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Journal of No. 118


August 9th, 2005

Idea in the Shower @ 11:29 am

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I do some of my best (i.e. worst) thinking in the shower while waking up. Today, it occured to me that there's another solution to the ongoing problem of daylight savings time (clearly it's a problem since it's being debated in the halls of congress). Instead of everyone changing his or her clock in discontinuous jumps (which is both a big hassle and a metaphysical quandary) everyone could just be instructed to move 750 miles west for the summer. Unfortunately, I think the current old-fashioned system is too well-entrenched to be displaced by my superior solution. It's the QWERTY keyboard all over again.

Later today, I'm off for Old Blighty, so I will probably maintain radio silence 'til next week.
 
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From:oohbarracuda
Date:August 9th, 2005 07:31 pm (UTC)
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I wouldn't mind moving 1,801mi more to get to Hawaii!
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From:colleency
Date:August 9th, 2005 08:42 pm (UTC)
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I think I'd be slightly bummed to have to live on an oil derrik. Although I wouldn't mind live on a fancy cruise ship!

Is this why the very wealthy have summer homes?
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From:wheninbudapest
Date:August 10th, 2005 12:57 am (UTC)
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What happened with the QWERTY keyboard?
From:aaronjv
Date:August 13th, 2005 07:31 pm (UTC)
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I'm still using a QWERTY, but then again, I'm behind the digerati curve.

You're referring to keyboards that have the letters QWERTY in the upper left corner, right? As opposed to those "easier" keyboards with the letters in more logical locations for fingering?

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From:essentialsaltes
Date:August 15th, 2005 07:38 pm (UTC)

The story of qwerty

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The QWERTY keyboard was specifically designed for inefficiency:

QWERTY was devised by Christopher Sholes, who began his typewriter-building experiments in 1867. ... When he struck one key soon after another, the second key’s type bar jammed the first bar before the first could fall back, and the first letter was printed again. ...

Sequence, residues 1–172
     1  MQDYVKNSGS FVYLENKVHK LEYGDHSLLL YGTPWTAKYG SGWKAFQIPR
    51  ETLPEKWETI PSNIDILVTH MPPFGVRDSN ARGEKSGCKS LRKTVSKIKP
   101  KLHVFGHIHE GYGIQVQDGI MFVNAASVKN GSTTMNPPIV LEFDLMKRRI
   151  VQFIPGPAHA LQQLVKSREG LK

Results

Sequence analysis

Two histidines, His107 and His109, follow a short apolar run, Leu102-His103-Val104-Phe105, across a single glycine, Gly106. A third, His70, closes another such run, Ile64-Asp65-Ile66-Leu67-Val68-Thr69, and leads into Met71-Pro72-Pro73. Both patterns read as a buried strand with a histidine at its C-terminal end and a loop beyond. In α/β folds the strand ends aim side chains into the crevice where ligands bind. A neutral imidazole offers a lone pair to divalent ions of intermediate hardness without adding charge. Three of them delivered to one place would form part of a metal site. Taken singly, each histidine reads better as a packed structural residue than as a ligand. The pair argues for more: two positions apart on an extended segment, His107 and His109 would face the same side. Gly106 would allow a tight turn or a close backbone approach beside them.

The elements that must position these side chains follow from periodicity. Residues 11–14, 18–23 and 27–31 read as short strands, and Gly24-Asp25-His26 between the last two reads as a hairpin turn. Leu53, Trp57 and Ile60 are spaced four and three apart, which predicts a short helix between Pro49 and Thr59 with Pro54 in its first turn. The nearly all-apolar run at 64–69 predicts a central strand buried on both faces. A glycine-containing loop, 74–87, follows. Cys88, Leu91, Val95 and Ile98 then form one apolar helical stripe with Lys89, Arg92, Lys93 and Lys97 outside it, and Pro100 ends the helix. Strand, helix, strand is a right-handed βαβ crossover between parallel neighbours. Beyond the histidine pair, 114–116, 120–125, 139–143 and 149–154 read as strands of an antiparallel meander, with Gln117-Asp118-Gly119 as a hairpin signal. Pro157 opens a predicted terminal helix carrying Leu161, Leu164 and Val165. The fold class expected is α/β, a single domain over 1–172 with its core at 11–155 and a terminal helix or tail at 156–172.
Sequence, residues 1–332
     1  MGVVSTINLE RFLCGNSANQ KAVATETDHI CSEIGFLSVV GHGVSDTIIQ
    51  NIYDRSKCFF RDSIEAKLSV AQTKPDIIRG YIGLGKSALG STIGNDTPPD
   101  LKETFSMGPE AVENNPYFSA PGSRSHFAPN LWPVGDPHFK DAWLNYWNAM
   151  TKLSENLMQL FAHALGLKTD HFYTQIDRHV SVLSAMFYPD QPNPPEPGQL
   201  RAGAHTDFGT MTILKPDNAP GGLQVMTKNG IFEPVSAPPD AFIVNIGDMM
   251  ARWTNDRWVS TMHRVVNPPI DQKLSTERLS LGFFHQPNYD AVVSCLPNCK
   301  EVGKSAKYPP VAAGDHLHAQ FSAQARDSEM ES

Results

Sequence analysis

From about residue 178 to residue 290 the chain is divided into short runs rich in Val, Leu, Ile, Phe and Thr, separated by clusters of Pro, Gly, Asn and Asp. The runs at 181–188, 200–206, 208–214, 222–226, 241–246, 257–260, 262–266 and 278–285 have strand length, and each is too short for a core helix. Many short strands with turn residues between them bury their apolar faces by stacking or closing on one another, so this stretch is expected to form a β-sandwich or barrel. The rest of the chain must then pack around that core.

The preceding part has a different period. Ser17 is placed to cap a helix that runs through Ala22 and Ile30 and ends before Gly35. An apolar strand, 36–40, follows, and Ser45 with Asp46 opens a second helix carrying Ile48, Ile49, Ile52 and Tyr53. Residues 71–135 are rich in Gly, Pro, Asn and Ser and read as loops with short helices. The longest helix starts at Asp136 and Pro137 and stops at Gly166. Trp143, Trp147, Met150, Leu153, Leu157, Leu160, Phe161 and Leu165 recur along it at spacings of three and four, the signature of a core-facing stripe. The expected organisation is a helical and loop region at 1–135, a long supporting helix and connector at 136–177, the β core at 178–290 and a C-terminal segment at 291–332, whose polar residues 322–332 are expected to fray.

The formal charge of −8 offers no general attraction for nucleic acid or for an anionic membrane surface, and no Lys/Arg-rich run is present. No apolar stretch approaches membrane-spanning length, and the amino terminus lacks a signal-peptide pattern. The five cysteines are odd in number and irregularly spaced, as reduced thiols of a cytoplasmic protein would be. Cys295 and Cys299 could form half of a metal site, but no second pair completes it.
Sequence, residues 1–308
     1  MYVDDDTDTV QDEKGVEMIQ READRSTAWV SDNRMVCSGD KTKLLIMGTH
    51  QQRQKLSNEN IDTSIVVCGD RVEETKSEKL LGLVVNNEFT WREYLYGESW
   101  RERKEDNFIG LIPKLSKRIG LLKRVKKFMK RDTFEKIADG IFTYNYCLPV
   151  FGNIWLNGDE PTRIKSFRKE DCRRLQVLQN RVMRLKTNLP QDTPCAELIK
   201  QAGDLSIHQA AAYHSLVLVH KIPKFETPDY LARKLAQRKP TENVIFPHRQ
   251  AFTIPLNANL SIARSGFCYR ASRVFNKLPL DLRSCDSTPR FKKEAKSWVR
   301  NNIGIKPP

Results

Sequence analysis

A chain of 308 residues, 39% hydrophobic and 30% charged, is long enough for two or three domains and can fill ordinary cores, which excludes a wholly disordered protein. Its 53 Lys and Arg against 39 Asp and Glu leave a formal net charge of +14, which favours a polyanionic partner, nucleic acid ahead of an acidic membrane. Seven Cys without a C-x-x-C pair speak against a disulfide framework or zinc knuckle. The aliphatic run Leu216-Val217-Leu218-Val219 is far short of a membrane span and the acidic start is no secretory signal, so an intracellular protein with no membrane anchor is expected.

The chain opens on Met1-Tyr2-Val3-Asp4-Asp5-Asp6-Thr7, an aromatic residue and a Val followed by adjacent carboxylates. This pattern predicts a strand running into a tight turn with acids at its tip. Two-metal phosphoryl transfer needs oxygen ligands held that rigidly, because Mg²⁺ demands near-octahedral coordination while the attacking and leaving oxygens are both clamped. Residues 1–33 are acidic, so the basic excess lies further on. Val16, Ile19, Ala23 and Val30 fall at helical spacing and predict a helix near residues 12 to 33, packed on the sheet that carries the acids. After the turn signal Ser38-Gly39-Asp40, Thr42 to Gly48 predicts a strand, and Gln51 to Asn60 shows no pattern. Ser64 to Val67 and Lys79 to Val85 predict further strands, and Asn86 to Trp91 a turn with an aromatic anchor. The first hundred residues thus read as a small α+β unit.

To overcome the problem of invisible jamming, Sholes applied antiengineering principles with the goal of slowing down the typist and thus preventing the second bar from jamming the falling first bar. ...

Sholes began to redesign his keyboard by commissioning a study to determine the most common letters or letter combinations in English texts, then he scattered those common letters as widely as possible over the keyboard. ...

The QWERTY keyboard of 1874 was eventually joined by many competing keyboards, whose manufacturers often boasted of faster or less tiring typing. For instance, the Hammond and Blickensderfer “Ideal” keyboard used only three rows and sensibly put the most common letters in the bottom row for easy access, in the sequence dhiatensor. Why did QWERTY nevertheless prevail, even after improvements in typewriter technology (reducing the jamming problem) and the demand for fast typing had removed the original motivation for it?

For one thing, QWERTY enjoyed a head start, as the keyboard layout of the first commercially successful typewriter. That success, however, was due not so much to the layout as to the many other advantageous components that Sholes added, such as type bars, an inked ribbon, and a cylindrical paper carriage. Those inventions helped Remington remain one of the leading typewriter manufacturers, and the company continued to use QWERTY even as its typewriters evolved in other respects.


So, now we're stuck with it, even though there are possibly better solutions.
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From:wheninbudapest
Date:August 15th, 2005 08:30 pm (UTC)

Re: The story of qwerty

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OOOOooooohhhhh...I'm enlightened.

Journal of No. 118